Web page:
Jewmanji
Dec 28, 2003


A friend of mine who does sound on set for various productions (recently a lot of Netflix original stuff) has resumed on-set work at least in NYC.

Jewmanji
Dec 28, 2003


Hashtag Banterzone posted:

Yeah that quote always made me picture a Fremen-like insurrection against a ruling class that used machines to violently oppress the populace.



I don't think I like that interpretation, makes it sound like the Jihad was some sort of woke/free your mind/redpill movement.

Thatís the whole point. The book came out in the 60s- itís all about mind expansion. The mentats and Bene Gesserit and guild navigators arose due to the abandonment of AI, necessitating human computers.

Jewmanji
Dec 28, 2003


I donít know why itís a foregone conclusion that Dune wonít get a sequel. Iím not especially bullish on it but it seems perfectly possibly that theaters rebound by release day, it gets a huge marketing push and meets their expectations. Iím not saying itís guaranteed or even the most likely outcome but studios have bankrolled plenty of sequels for less.

Jewmanji
Dec 28, 2003


Again, youíre assuming the movie wonít do well enough and theyíll be looking for an excuse not to green light part 2. But we donít know if Dune will do well. It might be a massive hit! We just donít know.

Jewmanji
Dec 28, 2003


Cacator posted:

Wouldn't it make more financial sense to film it all at once? They already have a complete story to work off of (no idea if the second script is finished though), all the sets are built and preproduction finished, and they were already on location with all the actors there. Maybe Villeneuve wanted Chalamet to age naturally to fit the time jump in the book?

Iím sure their accountants did the math and saw that itíd be safer to hedge their bets on one movie at a time. Itís frustrating from a creative perspective but I donít think that the cost of having to start production on a sequel that shares sets and stuff is enough to offset that risk, otherwise every film series ever would do it that way.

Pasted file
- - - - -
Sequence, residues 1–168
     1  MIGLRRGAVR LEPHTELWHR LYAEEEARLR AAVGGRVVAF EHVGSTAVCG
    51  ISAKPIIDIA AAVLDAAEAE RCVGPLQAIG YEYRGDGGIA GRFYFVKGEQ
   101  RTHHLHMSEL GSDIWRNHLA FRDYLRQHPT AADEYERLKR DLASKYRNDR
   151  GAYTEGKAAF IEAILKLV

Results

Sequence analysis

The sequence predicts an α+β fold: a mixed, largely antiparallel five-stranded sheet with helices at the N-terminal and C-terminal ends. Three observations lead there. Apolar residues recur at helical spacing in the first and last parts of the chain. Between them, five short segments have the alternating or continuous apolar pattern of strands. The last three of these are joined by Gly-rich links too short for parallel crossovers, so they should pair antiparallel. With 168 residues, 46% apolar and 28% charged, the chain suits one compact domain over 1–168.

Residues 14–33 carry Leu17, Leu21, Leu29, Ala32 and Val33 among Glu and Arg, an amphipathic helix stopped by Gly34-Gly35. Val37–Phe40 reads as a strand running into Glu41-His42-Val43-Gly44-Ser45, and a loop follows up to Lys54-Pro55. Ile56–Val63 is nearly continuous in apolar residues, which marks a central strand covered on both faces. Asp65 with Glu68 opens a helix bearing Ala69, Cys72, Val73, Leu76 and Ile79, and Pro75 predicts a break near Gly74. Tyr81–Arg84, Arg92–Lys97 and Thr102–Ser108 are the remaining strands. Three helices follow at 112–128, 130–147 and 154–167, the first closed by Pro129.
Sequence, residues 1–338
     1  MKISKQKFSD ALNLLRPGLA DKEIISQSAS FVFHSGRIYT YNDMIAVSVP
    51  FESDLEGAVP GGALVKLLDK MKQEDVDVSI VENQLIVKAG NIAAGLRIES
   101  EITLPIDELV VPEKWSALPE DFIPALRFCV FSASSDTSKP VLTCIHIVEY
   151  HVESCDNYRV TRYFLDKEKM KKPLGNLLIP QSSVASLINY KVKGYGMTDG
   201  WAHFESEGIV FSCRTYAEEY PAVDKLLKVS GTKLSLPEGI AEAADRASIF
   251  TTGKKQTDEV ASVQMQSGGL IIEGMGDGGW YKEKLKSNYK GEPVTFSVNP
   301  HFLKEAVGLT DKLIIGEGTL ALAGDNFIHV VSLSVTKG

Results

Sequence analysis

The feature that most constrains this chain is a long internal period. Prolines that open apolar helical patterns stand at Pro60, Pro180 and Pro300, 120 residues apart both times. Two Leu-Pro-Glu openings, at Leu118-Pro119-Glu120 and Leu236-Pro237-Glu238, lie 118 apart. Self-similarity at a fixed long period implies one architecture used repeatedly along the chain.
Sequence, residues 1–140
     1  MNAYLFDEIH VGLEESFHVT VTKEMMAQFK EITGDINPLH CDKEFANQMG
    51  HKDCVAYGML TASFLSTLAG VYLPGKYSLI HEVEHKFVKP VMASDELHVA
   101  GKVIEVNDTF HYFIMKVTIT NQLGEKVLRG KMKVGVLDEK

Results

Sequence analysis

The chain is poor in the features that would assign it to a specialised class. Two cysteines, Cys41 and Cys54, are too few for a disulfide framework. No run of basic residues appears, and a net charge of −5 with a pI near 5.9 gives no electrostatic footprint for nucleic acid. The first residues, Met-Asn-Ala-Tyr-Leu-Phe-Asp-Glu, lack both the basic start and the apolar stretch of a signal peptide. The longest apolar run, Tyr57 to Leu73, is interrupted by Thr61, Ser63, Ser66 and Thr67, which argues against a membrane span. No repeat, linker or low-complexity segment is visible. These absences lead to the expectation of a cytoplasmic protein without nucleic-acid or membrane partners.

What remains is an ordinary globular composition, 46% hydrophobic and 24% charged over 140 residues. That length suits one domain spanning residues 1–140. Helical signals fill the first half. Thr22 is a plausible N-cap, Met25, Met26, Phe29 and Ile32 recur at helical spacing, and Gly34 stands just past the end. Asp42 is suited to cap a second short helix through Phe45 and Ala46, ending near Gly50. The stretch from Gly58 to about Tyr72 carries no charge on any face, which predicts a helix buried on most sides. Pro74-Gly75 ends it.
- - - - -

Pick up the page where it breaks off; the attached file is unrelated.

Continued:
Jewmanji
Dec 28, 2003


Tuxedo Catfish posted:

so i got into an argument with someone who was really nasty to me about this topic (possibly provoked by an urge to defend Frank Herbert's honor, because it was tangentially related to whether he was homophobic or not), but they raised an interesting point and I thought I'd run it by people who aren't quite so deeply invested

Namely: do you think Paul and Leto II's understanding of the Golden Path is actually accurate? That is, were Leto's 3500 years of tyranny followed by his suicide at Siona's hands actually necessary for humanity to survive, and more broadly, are his insights into human behavior, history, and culture supposed to be diegetically true or just the ramblings of an insane tyrant?

Iím not sure what the answer is, but Iím curious about how this became such a heated topic. Asking whether Leto II is a reliable narrator seems like a great question?

Jewmanji
Dec 28, 2003


Xealot posted:

Meanwhile, I recall the Fremen as starkly ascetic and hyper-functional. Unlike the Harkonnens with their bacchanals and their gladiator games and their queerness.


The Fremen have literal, ritualistic orgies.

Jewmanji
Dec 28, 2003


Grandpa Palpatine posted:

but no, seriously, is zendaya getting naked?

i need to know for a friend

Nothing creepy to see here.

If anyone is interested, a writer named Harris Durani is doing a really fascinating re-read of Children of Dune on Medium right now. Heís got all sorts of fascinating insights about the Muslim origins of a lot of Fremen religious ideas and customs

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Jewmanji
Dec 28, 2003


No, thatís overly reductive. Herbert pulled from a variety of indigenous cultures across continents for his inspiration. That Medium post I referenced specifically goes into the origins of Jacurutu as Brazilian.